For these reasons, the jury was not to be faulted for coming back with “not guilty” verdicts on both charges in this case. Florida law required the jury to convict Zimmerman only if the prosecution proved, beyond a reasonable doubt, that he shot Trayvon with a “depraved mind” and if the defense failed to prove that it was objectively reasonable for Zimmerman to believe that he had to use deadly force in order to protect himself from death or great bodily harm. The evidence presented at trial arguably raised that reasonable doubt and supported Zimmerman’s affirmative defense; accordingly, the acquittal was a fair judgment for the jury to render.
Nothing that I’ve written here amounts to a personal defense of George Zimmerman. The man always struck me as somewhat slow-witted, and rather creepy at that—a man who likely suffers from delusions of crimefighting grandeur and possibly harbors racist prejudices as well. (This assessment of his character is borne out by a list of his run-ins with the law, both before and after his shooting of Trayvon.) I have no doubt about the folly of his decision to follow Trayvon in the first place, and I agree that he thus bears the lion’s share of the moral responsibility for this tragedy. It is quite plausible that Trayvon’s race played some (perhaps subconscious) role in Zimmerman’s decision to tail him.
None of the above factors, however, made Zimmerman legally guilty. Following a “suspicious” individual around one’s neighborhood—however unwise it may be, and whatever bigoted motives one may have for doing so—is not a crime. The police dispatcher advised Zimmerman not to shadow Trayvon because it was foolhardy and imprudent, not because it was illegal—and he actually did not forbid him to tail the boy, but only told him, “We don’t need you to do that.” Nor did the evidence presented at trial prove that Zimmerman initiated physical violence against Trayvon; if anything, it suggested the opposite. We cannot rule out the possibility that Trayvon attacked Zimmerman in a way that made it reasonable for the latter to think he was in imminent danger of death or severe bodily harm. For those reasons, acquittal was probably the appropriate verdict.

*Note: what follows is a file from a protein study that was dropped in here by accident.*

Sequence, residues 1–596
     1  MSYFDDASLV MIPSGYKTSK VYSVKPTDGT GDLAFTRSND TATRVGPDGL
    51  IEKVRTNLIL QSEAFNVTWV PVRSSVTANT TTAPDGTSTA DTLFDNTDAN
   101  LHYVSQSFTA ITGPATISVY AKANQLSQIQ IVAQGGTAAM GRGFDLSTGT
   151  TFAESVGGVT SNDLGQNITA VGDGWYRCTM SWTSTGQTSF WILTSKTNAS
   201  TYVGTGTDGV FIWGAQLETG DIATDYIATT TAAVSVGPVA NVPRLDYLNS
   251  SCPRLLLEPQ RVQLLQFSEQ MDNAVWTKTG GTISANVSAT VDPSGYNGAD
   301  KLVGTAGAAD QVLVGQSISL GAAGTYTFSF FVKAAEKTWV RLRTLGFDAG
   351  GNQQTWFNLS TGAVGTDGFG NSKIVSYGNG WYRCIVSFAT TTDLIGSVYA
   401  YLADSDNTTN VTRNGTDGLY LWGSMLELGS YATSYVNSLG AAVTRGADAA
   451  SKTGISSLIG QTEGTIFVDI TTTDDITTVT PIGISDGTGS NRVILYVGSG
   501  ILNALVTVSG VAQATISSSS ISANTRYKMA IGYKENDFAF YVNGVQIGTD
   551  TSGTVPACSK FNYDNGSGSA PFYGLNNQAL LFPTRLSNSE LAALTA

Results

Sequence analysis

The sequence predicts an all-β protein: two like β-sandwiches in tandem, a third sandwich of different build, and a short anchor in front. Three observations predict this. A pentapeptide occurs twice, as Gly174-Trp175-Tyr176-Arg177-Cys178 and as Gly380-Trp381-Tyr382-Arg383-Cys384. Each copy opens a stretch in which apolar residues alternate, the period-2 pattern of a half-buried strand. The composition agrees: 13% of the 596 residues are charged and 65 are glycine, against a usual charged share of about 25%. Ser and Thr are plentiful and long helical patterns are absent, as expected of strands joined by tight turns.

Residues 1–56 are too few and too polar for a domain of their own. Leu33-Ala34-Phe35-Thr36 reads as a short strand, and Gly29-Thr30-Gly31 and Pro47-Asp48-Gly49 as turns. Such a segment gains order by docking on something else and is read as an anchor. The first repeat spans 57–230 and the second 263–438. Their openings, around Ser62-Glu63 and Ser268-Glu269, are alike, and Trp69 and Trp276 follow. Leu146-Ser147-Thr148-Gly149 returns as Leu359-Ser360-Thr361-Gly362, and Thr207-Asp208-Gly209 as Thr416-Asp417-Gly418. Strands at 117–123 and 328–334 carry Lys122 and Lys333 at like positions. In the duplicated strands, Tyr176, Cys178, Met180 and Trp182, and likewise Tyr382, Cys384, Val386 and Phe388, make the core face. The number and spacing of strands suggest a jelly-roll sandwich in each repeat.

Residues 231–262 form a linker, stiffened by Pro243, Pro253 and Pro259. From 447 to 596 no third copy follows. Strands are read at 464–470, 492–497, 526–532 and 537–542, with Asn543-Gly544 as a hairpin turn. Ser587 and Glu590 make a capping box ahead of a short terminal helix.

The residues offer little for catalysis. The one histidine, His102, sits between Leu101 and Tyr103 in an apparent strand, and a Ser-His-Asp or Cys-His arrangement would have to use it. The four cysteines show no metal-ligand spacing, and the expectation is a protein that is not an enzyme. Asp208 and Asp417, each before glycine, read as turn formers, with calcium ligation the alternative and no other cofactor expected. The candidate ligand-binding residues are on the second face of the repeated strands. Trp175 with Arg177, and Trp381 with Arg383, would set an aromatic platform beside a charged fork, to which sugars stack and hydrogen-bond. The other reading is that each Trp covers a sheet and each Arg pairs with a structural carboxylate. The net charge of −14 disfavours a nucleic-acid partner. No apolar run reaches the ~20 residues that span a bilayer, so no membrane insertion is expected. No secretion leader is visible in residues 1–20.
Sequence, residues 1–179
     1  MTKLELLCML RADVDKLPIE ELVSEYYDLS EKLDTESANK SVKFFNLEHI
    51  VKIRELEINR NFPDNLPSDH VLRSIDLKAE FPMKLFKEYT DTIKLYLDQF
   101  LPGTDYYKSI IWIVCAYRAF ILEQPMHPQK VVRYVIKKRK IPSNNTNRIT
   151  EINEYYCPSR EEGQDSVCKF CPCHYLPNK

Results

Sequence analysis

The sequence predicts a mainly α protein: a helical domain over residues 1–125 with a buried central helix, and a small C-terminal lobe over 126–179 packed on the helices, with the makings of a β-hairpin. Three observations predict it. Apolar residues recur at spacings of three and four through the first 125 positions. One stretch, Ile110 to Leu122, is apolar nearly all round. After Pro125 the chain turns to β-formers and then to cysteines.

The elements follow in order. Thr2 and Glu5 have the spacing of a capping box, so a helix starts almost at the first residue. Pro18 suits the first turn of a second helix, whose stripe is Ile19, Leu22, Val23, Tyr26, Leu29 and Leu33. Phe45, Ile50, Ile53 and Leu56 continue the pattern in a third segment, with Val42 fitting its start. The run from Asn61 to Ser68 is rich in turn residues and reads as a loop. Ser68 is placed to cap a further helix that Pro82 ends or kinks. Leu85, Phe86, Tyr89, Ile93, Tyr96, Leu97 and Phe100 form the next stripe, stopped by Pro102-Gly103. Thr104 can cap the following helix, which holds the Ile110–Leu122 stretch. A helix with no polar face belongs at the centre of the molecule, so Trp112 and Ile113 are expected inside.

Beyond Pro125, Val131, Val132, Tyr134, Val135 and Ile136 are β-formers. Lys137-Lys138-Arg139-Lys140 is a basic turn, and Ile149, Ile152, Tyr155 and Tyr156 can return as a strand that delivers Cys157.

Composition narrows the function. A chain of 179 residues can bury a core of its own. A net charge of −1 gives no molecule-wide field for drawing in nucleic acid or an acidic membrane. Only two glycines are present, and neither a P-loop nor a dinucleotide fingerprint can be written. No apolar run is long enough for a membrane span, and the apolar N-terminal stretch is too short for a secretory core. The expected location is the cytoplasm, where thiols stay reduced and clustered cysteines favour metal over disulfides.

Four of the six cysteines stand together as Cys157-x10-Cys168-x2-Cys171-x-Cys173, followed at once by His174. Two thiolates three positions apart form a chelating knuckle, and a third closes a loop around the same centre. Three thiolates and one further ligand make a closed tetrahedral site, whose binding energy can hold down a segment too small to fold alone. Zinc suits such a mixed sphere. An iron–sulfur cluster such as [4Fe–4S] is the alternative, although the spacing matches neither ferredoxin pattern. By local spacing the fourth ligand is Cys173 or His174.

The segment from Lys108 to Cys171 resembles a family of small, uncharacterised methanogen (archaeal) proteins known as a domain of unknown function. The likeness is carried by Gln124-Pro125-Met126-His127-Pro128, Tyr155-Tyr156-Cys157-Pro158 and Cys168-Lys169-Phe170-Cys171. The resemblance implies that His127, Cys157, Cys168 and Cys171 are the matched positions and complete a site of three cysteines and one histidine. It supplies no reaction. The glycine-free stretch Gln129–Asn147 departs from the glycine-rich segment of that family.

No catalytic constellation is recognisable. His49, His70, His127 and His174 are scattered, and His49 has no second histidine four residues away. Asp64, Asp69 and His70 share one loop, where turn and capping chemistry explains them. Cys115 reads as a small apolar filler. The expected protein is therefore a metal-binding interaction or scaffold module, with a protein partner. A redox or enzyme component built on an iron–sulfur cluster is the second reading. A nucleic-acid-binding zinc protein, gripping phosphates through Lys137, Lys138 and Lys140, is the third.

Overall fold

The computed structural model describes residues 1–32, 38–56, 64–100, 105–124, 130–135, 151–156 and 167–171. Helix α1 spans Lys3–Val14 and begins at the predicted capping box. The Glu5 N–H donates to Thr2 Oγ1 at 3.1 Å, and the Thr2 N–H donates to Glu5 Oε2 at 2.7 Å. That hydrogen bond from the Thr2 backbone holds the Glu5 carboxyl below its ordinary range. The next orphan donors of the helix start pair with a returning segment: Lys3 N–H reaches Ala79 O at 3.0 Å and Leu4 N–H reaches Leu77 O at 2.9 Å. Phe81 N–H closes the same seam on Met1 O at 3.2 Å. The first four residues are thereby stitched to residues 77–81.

This conclusion in no way denies that the justice system frequently treats minorities unjustly, or that the self-defense laws of Florida and many other states may cry out for reform. Yet on this last matter, too, misconceptions abound. The Sunshine State’s much-maligned “Stand Your Ground” law was widely blamed for either Trayvon’s death, or Zimmerman’s acquittal, or both. That blame was misdirected; the essence of a Stand Your Ground law is that a person under attack no longer has a legal duty to retreat before using deadly force in self-defense. Zimmerman’s story, however, had him pinned to the ground on his back and being battered by an irate Trayvon immediately before he fired the fatal shot. Even in non-Stand Your Ground states, a person under attack has a duty to retreat only where it can be done safely and practically, an option that was foreclosed to Zimmerman under these circumstances. Therefore, both the erstwhile duty to retreat and its nemesis, Stand Your Ground, were moot in this case—which would certainly explain why Zimmerman’s lawyers didn’t cite Florida’s Stand Your Ground law in his defense.
What is not moot in the sad story of Martin and Zimmerman is the public reaction to it. Too many observers posited from the beginning—with little or no firm evidentiary basis—that Trayvon was totally blameless and that George Zimmerman was as guilty as sin. Too many people reacted to the verdict by fulminating that the justice system had failed; that the verdict was the product of institutionalized racism; that American law regards black lives as cheap; that racists now have a veritable license to kill young black men. Such sentiments made this case the latest in a long, loathsome line of racial confrontations in which many African-Americans reflexively took the side of the Black disputants, only for the evidence to reveal in the end that things weren’t so simple.
In 1987, an African-American teenager from upstate New York, Tawana Brawley, claimed that a group of white men, including a police officer and a local prosecutor, had kidnapped, assaulted and raped her. The Reverend Al Sharpton made his bones as America’s racial-rabble-rouser-in-chief while “representing” Brawley by hurling a string of libelous charges against the men she accused. In the end, a grand jury investigation concluded that the entire affair had been a hoax—concocted, according to Brawley’s ex-boyfriend, to protect her from punishment by her stepfather for running away from home.